When Vin Lananna was elected president of USA Track and Field in December, some who voted for him expected him to bring closer scrutiny to the business practices of the Olympic sports nonprofit’s chief executive, Max Siegel. Lananna, however, recently made clear he has no interest in such pursuits.

Praised for overseeing USA Track and Field during a period of unprecedented income growth, Siegel drew some attention for awarding six-figure, no-bid contracts to Indianapolis marketing firm Matchbook Creative, a marketing firm that previously billed itself as “a Max Siegel company.” Siegel has denied benefiting in any way from the business USA Track and Field has sent to the company.

Siegel’s bosses on USA Track and Field’s board of directors have resisted calls from former employees and volunteers for an independent audit to examine the nonprofit’s relationship with Matchbook Creative, but in Lananna, some saw an independent voice who would push for a new review. In a recent phone interview, however, Lananna said there are is no new audit in the works, and he has no plans to take a closer look at the relationship between USA Track and Field and Matchbook Creative, a company owned by two women who have had a longstanding business relationship with Max Siegel Inc., Siegel’s sports marketing company.

“I really don’t have enough information to really have an opinion on it,” said Lananna, a former track and field coach at Stanford, Oregon and for the U.S. national team. Lananna said he has no plans to discuss the issue with Siegel.  

Siegel, CEO of USA Track and Field since 2012, declined an interview request for this story. While Siegel’s tenure has been one of record financial growth — USA Track and Field’s budget more than doubled from $17 million in 2011 to $35 million last year — some former employees have questioned whether the former record executive is improperly benefiting from his position, potentially violating IRS provisions against self-dealing by those who run 501(c)3 nonprofits.  

Last October, a Washington Post story detailed these concerns. Siegel, who owns a NASCAR team, has flown to NASCAR events on USA Track and Field’s expense on multiple occasions, which he has defended as worthwhile because he discussed business strategies with NASCAR officials. And Siegel has for years awarded hundreds of thousands of dollars of business to Matchbook Creative, which has done contract work for Siegel’s marketing company and his race team. Matchbook employees have used email addresses that end “@maxsiegelinc.com,” and for a period of time, the companies shared office space, where the window billed Matchbook Creative as “a Max Siegel company.”

Siegel does not have any public ownership stake in Matchbook, Indiana corporate records show. Matchbook Creative CEO Donna Gray has said the “Max Siegel company” stencil did not mean Siegel owned the company or shared in profits.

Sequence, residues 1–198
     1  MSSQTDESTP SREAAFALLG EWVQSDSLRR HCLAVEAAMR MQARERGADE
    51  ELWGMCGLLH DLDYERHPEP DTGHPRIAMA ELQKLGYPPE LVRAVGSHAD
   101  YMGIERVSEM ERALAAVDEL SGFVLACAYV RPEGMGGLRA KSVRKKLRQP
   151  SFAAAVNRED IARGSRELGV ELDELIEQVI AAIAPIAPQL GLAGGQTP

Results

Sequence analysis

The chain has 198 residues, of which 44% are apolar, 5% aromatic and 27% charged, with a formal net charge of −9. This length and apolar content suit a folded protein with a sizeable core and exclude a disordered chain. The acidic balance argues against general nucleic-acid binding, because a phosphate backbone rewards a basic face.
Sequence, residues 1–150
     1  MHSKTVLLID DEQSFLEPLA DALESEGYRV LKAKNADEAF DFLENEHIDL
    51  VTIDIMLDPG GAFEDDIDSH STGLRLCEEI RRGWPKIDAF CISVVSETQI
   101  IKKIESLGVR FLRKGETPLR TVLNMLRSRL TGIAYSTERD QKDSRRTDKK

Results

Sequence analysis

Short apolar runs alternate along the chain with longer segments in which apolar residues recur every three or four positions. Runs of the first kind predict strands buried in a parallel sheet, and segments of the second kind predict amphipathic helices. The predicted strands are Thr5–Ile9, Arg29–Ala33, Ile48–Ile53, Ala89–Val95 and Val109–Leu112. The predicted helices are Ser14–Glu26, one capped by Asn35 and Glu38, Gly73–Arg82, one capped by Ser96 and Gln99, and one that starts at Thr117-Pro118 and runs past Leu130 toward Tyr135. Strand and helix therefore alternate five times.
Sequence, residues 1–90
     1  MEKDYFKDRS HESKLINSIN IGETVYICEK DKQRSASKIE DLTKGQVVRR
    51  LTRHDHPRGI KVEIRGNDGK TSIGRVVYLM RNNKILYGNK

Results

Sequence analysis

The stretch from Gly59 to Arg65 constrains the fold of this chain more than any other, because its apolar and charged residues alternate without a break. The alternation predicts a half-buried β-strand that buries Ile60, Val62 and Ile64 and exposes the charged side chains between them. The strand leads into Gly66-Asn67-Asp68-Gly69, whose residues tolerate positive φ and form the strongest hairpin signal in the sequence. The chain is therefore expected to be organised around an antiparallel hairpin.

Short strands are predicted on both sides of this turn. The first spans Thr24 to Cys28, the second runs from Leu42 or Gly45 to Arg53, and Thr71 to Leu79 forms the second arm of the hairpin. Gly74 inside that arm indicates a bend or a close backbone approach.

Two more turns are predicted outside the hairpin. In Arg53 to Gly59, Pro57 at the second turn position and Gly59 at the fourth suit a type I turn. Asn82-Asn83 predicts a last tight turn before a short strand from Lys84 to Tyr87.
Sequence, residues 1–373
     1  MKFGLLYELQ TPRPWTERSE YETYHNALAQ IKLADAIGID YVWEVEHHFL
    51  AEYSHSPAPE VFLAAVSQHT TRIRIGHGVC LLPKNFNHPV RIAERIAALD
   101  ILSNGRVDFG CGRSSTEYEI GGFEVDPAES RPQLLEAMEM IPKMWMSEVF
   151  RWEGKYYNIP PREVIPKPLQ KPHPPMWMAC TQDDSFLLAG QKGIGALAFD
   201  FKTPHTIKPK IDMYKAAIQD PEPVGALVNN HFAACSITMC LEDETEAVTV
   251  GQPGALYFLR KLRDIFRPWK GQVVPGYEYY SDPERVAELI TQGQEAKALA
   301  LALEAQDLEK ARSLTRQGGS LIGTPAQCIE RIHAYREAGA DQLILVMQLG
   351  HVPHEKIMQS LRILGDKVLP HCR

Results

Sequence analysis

Former USA Track and Field employees also took issue with Siegel’s lavish spending habits on travel for him and his leadership team. Siegel routinely flies first-class, and last year rented a private jet to bring him and several other USA Track and Field officials back to Indianapolis from an event in Portland, Ore.

Lananna said he has no plans to examine what Siegel spends on travel, and any questions about private jet usage should be directed to board chairman Steve Miller, who directly oversees Siegel. Miller declined an interview request for this story. Last year, Miller initially offered to release information justifying the private jet rental, but then declined to disclose cost details.

“Max has done a spectacular job,” Miller said last year. “Max makes decisions based on what he believes is best in order to . . . run his organization, and as long as he does not exceed the budgets that are allocated, I’m comfortable with that.”

David Greifinger, former counsel to USA Track and Field’s board and a critic of Siegel, is among those who expected Lananna to call for a closer look at Siegel’s spending practices. In a phone interview, Greifinger said he was “disappointed, but not surprised” to hear Lananna had no interest in an audit. Lananna is only one vote on a 16-member board, Greifinger pointed out, and would need support for a potentially divisive measure.

“Even though Vin is the president, his power is limited,” Greifinger said.  

Lananna praised the job Siegel has done increasing USA Track and Field’s revenue, which in turn has increased the amount of money the Olympic nonprofit has paid its top athletes. Under Siegel, USA Track and Field has become one of the most generous Olympic national governing bodies when it comes to paying elite athletes: those who make the national team each year earn $10,000 each, and can make more than $100,000 through competitive bonuses.  

“I’m not afraid to speak what I believe,” Lananna said. “Right now, my position [with Siegel] is I’m comfortable with what I’ve seen. If it comes to the point where I’m not comfortable, I will speak up.”